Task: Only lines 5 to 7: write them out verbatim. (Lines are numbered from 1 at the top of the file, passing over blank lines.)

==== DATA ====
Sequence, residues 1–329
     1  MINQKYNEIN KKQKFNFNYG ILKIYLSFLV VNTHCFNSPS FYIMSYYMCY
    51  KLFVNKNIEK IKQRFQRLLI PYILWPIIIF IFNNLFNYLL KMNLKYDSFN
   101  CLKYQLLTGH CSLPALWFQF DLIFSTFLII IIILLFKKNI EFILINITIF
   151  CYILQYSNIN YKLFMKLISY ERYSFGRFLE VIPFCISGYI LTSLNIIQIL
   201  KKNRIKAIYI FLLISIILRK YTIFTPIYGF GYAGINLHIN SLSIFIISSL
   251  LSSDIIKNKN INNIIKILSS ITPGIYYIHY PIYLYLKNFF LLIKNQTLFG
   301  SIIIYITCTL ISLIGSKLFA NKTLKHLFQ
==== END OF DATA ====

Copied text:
   151  CYILQYSNIN YKLFMKLISY ERYSFGRFLE VIPFCISGYI LTSLNIIQIL
   201  KKNRIKAIYI FLLISIILRK YTIFTPIYGF GYAGINLHIN SLSIFIISSL
   251  LSSDIIKNKN INNIIKILSS ITPGIYYIHY PIYLYLKNFF LLIKNQTLFG